Insulin is a 51-amino acid peptide hormone made up of 2 chains (A and B) connected by 2 disulfide bonds. There is an additional disulfide bond between 2 cysteine amino acids on Chain A.
Insulin plays a critical role in the human body. Made in the pancreas, this peptide hormone binds to receptors on cells, initiating a signal transduction cascade, which upregulates glucose transporter vesicles to the cell surface. Through this sequence of events, glucose is then taken into the cell and can be used by the cell for energy. Without this necessary protein, or if insulin resistance develops, diabetes may result. In our alpha carbon backbone 3-D model of insulin, Chain A (which has 21 amino acids) is purple and Chain B (which has 30 amino acids) is orange. The N-terminus and C-terminus of each chain is shown in blue and red, respectively. Cysteine side chains that make disulfide bonds are shown in ball-and-stick format and CPK coloring scheme (Chain A: Cys6, Cys7, Cys11, Cys20. Chain B: Cys7, Cys19). The colors of the Insulin Model coordinate with the Insulin mRNA to Protein Kit©.
Frederick Banting and J.J.R. Macleod were awarded the 1923 Nobel Prize in Physiology or Medicine for the discovery of insulin.The primary structure of bovine insulin was first determined by Frederick Sanger in 1951. It was the first protein to have its sequence be determined. He was awarded the 1958 Nobel Prize in Chemistry for this work. For more information on insulin-related Nobel Prizes, visit http://en.wikipedia.org/wiki/Insulin#Nobel_Prizes and scroll down to Nobel Prizes and Nobel Prize Controversy.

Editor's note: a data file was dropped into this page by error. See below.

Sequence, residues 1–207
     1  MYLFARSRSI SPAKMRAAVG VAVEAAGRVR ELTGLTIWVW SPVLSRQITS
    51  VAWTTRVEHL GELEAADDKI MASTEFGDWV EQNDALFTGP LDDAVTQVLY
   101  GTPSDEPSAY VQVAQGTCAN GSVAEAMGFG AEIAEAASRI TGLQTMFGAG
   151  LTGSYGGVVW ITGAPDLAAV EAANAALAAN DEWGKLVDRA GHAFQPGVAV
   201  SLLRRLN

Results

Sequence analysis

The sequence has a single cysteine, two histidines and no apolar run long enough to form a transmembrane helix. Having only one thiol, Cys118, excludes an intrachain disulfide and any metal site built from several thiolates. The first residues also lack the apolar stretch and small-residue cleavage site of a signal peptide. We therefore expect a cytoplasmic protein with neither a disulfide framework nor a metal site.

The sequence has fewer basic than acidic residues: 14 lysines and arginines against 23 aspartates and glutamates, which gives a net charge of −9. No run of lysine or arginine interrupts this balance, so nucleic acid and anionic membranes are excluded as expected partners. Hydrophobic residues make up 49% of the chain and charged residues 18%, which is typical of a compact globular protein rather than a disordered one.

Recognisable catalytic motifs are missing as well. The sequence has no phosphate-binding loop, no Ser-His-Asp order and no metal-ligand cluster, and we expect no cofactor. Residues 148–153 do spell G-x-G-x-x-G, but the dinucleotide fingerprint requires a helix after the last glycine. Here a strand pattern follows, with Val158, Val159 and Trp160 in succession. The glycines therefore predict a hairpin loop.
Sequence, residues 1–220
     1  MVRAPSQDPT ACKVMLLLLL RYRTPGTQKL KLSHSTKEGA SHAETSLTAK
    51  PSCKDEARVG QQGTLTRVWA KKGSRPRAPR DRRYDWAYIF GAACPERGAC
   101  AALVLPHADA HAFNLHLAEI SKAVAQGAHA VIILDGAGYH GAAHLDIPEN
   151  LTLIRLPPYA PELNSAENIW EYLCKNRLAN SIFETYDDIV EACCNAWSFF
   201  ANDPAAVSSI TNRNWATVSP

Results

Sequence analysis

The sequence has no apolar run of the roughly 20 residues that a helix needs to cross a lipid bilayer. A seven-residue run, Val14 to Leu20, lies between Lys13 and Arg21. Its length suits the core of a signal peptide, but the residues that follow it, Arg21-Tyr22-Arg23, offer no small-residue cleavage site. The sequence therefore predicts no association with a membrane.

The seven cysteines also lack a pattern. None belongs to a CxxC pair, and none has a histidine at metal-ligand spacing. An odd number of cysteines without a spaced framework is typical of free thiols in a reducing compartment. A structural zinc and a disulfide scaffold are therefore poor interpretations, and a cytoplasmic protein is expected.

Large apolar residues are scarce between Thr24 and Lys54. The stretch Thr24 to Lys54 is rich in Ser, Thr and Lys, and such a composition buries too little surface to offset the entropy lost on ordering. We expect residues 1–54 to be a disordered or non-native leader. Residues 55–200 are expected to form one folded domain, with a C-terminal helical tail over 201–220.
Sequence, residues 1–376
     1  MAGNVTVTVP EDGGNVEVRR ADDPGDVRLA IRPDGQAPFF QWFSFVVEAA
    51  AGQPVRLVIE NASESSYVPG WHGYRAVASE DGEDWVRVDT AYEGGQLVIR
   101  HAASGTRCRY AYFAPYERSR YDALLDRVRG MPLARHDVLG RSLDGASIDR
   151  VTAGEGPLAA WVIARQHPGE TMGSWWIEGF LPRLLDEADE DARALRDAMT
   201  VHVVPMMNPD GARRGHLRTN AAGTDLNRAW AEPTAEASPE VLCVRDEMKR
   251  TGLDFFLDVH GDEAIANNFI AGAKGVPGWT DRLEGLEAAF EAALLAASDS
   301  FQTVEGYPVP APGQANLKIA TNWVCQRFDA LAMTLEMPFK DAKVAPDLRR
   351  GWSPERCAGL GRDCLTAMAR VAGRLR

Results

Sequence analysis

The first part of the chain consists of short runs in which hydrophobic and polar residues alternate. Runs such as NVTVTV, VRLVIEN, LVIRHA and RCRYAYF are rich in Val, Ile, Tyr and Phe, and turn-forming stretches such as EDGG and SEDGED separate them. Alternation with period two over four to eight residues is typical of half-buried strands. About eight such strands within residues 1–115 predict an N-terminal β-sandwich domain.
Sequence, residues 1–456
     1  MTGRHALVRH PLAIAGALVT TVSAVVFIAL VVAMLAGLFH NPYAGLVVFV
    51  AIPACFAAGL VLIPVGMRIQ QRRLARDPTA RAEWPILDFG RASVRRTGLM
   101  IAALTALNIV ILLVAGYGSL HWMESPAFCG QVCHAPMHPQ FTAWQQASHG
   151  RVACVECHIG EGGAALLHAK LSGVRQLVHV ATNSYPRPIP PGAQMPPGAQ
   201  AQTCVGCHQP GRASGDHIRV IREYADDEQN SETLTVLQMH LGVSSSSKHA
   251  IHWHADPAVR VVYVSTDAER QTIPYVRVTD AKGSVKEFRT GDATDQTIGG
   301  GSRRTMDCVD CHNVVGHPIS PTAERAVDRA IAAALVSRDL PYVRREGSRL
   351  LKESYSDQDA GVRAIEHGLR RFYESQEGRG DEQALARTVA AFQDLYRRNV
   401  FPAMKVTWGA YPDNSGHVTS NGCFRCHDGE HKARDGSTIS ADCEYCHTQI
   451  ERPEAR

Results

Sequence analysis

View an animation showing the molecular mechanism whereby insulin triggers the uptake of glucose from the bloodstream.
The Molecule of the Month by scientist, author and artist Dr. David Goodsell includes an introduction to the structure and function of the chosen molecule and a discussion of its relevance to human health and welfare. Molecule of the Month articles are frequently referred to by teachers, students and researchers. More...